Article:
and απ<kπ+1ky(kyeky)+(kθ/αθ)(kθekθ) if ky(kyeky)+(kθ/αθ)(kθekθ)>0. If the expected impact of output and of the second instrument on inflation is greater than the current impact, optimal policy might result in expected inflation being stabilized more effectively than current inflation, leading to indeterminacy. While such a situation may appear counterintuitive (in particular, inflation would change sign at each date), it can be avoided by ensuring that the weight on inflation, απ, is not too high: the expected impact is then offset by the indexation of current inflation on expected inflation, ensuring determinacy. We omit this condition in the rest of this section.


Moreover, the second condition, detailed in the previous footnote, does not apply since kye=kθe=0.


A second condition is απ<kπ+1ky(kyeky)+kθαθ(kθekθ) if ky(kyeky)+kθαθ(kθekθ)>0.


Note that: D(ρu)>0απ>(ρukπ1){ky(ky+ρukf)+kθ(kθ+ρukθe)αθ}1 1+απ(ky2+kθ2αθ)>ρu[kπαπ(kykye+kθkθeαθ)] which is always true since the last inequality is verified for ρu = 1 in the Blanchard-Kahn condition (8) (and if the last bracket is negative, then the result is trivial).


This is always the case, for instance, if the future unconventional instrument does not enter the Phillips curve and the IS curve (in which case kθe=0).


Rogoff’s result may seem counter-intuitive inasmuch as the central bank, under coordination, could always choose the same policies as it would under the Nash equilibrium. Thus, by revealed preference, it would appear that the central bank could never be worse off under cooperation than under the Nash equilibrium. Likewise here, since the central bank could always choose not to use the second instrument, it would appear that its availability could never make the central bank worse off. In both examples, the revealed preference argument breaks down because of the presence of forward-looking private agents, together with the inability of the central bank to commit to future policies.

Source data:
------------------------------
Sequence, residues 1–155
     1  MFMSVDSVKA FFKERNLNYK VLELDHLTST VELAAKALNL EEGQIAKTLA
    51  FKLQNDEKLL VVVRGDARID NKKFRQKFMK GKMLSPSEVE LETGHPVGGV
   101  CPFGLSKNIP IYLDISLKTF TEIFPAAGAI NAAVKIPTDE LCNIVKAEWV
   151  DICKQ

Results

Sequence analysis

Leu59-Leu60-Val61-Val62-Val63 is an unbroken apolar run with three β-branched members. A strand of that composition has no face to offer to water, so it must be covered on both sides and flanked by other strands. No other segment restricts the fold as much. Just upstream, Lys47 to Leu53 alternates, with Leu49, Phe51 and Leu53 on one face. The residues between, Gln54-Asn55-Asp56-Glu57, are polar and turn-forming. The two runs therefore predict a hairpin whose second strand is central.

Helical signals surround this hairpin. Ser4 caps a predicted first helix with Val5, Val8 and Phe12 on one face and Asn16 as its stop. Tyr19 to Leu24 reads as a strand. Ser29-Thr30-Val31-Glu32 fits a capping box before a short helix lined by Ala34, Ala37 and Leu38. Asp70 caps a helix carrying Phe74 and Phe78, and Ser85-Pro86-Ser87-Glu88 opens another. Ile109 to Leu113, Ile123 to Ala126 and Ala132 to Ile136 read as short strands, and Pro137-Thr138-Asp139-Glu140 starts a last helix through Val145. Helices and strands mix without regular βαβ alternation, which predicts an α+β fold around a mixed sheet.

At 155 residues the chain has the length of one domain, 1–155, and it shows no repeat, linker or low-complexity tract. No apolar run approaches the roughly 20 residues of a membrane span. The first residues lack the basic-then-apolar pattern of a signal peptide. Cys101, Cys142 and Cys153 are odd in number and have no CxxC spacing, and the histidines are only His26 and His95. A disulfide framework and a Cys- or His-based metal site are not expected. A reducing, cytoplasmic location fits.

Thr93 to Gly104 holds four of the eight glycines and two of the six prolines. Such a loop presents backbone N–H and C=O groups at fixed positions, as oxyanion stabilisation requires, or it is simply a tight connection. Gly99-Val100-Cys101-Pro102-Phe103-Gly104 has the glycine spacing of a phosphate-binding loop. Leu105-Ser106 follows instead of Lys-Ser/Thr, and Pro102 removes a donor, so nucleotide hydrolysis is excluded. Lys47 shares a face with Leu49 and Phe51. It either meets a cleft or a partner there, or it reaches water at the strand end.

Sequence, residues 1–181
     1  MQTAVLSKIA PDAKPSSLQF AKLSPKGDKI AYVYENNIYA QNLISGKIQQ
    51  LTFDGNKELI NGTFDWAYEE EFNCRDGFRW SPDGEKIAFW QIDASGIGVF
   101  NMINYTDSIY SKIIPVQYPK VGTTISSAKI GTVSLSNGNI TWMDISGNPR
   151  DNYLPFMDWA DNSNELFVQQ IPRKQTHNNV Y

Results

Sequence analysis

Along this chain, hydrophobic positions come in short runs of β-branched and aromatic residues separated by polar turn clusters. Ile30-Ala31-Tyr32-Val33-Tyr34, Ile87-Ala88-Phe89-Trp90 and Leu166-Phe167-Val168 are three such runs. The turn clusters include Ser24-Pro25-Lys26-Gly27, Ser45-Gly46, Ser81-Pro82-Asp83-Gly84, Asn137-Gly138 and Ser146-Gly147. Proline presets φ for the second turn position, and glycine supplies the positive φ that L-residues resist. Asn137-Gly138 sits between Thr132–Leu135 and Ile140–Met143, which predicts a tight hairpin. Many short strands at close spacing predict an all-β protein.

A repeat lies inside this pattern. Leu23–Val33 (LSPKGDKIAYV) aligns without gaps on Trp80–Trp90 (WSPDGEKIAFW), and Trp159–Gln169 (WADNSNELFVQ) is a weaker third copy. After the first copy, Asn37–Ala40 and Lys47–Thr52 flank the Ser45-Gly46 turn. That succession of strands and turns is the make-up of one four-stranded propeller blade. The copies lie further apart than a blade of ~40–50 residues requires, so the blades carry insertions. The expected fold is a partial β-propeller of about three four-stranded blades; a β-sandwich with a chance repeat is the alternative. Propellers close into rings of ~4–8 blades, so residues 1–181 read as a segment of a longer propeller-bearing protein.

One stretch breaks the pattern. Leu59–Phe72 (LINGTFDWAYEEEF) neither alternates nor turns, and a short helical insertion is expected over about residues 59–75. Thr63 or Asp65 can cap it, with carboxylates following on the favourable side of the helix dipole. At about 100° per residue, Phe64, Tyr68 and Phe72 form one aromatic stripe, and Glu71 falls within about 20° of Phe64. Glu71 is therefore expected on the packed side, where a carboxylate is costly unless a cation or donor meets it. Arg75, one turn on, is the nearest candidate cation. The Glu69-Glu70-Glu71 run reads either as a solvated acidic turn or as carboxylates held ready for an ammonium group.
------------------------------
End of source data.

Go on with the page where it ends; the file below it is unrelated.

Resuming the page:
In this section, we make the assumption that when the intertemporal constraint apply, its impact on optimal policy for inflation and output is small compared to the time-varying components of policy, i.e., |1D(ρu)u0||kθ+kθeαθD(1)Γ|1|(1β1ρβ)(kθ+kθe)Xθ(1kπ+α˜π[ky(ky+kye)+kθ(kθ+kθe)α˜θ])1| assumption is valid for shocks that are transitory (where ρ is sufficiently small). It is also easy to justify in a micro founded framework (Alla et al. 2016)).


Which is equal to the financial friction coefficient for the example presented in subsection 2.3


Our results for α˜π are the same as those in Clarida et al. (1999) when kye = 0.


Output is the reference since its weight is normalized to 1 in the objective function.


A case in point is that of the central bank of Sweden, which split over the decision to use interest rate policy to reduce risks to financial stability (Svensson (2011), Svensson (2014)).


Since determinacy is ensured, D > 0.


Since it cancels out only once α˜π is sufficiently large.


Formally, for any couple {α˜π,α˜θ} we have: W˜(α˜π,1α˜θ)>W˜(α˜π,1α˜θopt(α˜π)) Then, denoting g(α˜π)=W˜(α˜π,1α˜θopt(α˜π)), we have: g(α˜π)=W˜(α˜π,1α˜θopt(α˜π))α˜π+W˜(α˜π,1α˜θopt(α˜π))1α˜θ1α˜θopt(α˜π)α˜π=W˜(α˜π,1α˜θopt(α˜π))α˜π by the definition of W˜(α˜π,(α˜θopt(α˜π))1)(1/α˜θ). We then see that e.g.: W˜(α˜π,1α˜θ)>W˜(+,1α˜θ(+)).


Since the constraint frontier is concave and the optimal point is located below the frontier, the line passing through the origin and the optimal point cuts the frontier once for α˜θ>α˜θopt.


Since a>bα˜πopt, the denominator is always strictly positive.

Unconventional Policy Instruments in the New Keynesian Model
Author: Zineddine Alla, Mr. Raphael A Espinoza, and Mr. Atish R. Ghosh